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phil67rpg

c# console snake game

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I have decided to work on a console based snake game. I am able to draw grid but the last grid I am  trying to draw one grid that animates the snake on it.

using System;
using System.Collections.Generic;
using System.Linq;
using System.Text;
using System.Threading.Tasks;

namespace snakegame
{
    class Program
    {
        static void Main(string[] args)
        {
            char[,] board = new char[17, 17];
            int count = 5;
            for (int i = 0; i <= 16; i++) 
            {
                for (int j = 0; j <= 16; j++) 
                {
                    board[i, j] = '.';
                }
            }
            while (count < 11)
            {
                Console.Clear();
                board[8, count] = '*';
                board[8, count + 1] = '*';
                board[8, count + 2] = '*';
                board[8, count + 3] = '*';
                board[8, count + 4] = '*';
                board[8, count + 5] = '*';
                board[8, count + 6] = '*';

                for (int i = 0; i <= 16; i++)
                {
                    for (int j = 0; j <= 16; j++)
                    {
                        Console.Write(board[i, j]);
                    }
                    Console.WriteLine();
                }
                count++;
            }
        }
    }
}

 

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Hi Phil,

Interesting you should choose to do this in a console app, but that's fine :)

I think create yourself a function called draw_board() and have this simply draw the state of the current board (array). I don't think clearing the console so often is a good idea. Just change the values of the board array, then call draw_board(). Proably using a c# collection class might be advisable.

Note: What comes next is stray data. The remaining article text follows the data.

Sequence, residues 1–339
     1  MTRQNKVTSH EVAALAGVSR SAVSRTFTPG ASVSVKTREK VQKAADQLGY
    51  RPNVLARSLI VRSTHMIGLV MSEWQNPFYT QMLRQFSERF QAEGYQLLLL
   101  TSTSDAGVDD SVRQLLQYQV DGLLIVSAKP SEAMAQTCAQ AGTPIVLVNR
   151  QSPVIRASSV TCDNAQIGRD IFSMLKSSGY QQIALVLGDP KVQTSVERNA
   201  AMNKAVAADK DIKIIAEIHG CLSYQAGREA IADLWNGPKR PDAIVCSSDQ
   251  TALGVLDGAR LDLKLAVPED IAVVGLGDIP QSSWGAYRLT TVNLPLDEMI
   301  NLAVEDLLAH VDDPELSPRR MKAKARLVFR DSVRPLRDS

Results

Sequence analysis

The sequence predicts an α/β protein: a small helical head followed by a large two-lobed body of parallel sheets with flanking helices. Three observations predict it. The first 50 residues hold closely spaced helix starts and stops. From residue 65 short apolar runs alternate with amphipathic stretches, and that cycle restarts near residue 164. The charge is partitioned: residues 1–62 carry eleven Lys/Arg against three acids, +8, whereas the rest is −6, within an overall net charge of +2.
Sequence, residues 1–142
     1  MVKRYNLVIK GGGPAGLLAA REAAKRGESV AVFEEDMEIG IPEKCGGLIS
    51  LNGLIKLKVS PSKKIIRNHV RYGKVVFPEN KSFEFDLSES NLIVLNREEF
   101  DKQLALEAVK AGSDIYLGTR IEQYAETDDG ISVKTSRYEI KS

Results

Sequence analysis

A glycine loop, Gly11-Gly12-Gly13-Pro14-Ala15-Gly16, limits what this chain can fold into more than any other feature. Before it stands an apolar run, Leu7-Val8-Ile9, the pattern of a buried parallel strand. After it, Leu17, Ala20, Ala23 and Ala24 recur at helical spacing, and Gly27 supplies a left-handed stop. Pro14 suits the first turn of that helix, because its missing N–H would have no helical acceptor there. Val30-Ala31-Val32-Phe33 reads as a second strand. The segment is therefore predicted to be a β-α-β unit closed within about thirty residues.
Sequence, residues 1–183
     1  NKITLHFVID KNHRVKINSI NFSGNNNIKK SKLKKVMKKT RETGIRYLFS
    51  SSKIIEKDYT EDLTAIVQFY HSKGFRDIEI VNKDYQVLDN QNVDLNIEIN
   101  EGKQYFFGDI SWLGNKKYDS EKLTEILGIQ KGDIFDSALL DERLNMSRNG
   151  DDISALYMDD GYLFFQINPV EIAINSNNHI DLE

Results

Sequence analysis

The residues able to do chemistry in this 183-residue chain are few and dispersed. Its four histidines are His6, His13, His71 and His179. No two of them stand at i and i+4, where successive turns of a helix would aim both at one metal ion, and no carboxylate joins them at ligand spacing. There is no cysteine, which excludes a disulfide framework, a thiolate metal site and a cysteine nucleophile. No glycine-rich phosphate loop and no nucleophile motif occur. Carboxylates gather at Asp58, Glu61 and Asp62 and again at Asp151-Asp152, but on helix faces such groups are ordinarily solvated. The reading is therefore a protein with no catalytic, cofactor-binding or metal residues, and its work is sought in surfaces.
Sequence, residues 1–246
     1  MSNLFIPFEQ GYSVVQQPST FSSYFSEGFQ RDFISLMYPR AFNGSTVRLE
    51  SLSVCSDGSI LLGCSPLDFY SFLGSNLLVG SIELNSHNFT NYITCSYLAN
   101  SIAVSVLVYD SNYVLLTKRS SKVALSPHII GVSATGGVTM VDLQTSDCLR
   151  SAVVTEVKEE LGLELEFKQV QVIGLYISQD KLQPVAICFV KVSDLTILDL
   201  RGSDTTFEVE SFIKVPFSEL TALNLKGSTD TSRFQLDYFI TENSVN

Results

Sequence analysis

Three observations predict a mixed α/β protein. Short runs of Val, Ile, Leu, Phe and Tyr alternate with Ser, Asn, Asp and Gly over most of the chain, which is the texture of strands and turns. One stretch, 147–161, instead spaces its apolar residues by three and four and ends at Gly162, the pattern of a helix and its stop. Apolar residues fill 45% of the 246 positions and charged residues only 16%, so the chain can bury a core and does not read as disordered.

Also, style-wise, a few suggestions (take it or leave it): 

- don't hard-code values like 17. Create a variable or constant for it, like board_size.

- Instead of looping <= 16 just use < 17. It's the most common convention.

- my preference is to use var where the type is obvious. Also in cases like

char [,] board

which can be hard to remember.

But those are minor things. Keep at it. Now you just need to work out your algorithm for calculating the position of the snake's body pieces.

P.S and make Main public.

Edited by duke_meister

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I have made some minor changes in my code, I will work on moving the snake.

using System;
using System.Collections.Generic;
using System.Linq;
using System.Text;
using System.Threading.Tasks;

namespace snakegame
{
    class Program
    {
        static void Main(string[] args)
        {
            const int board_size = 17;
            char[,] board = new char[board_size, board_size];
            int count = 5;
            for (int i = 0; i < board_size; i++) 
            {
                for (int j = 0; j < board_size; j++) 
                {
                    board[i, j] = '.';
                }
            }
            while (count < 11)
            {
                board[8, count] = '*';
                board[8, count + 1] = '*';
                board[8, count + 2] = '*';
                board[8, count + 3] = '*';
                board[8, count + 4] = '*';
                board[8, count + 5] = '*';
                board[8, count + 6] = '*';

                for (int i = 0; i < board_size; i++)
                {
                    for (int j = 0; j < board_size; j++)
                    {
                        Console.Write(board[i, j]);
                    }
                    Console.WriteLine();
                }
                count++;
            }
        }
    }
}

 

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Well, that's progress :)

Look at Console.SetCursorPosition(Int32, Int32)

You should be able to move the drawing position around so you can write a draw_board() function without having to clear the screen. I haven't used it before, but maybe look into it.

Taking your code:

                for (int i = 0; i < board_size; i++)
                {
                    for (int j = 0; j < board_size; j++)
                    {
			move cursor to i, j; // pseudocode
			// Look into WriteAt instead of Write
                        Console.Write(board[i, j]);
                    }
                }

draw_board() might be something like that. Perhaps use x and y so you know which way you're drawing the board.

Edited by duke_meister

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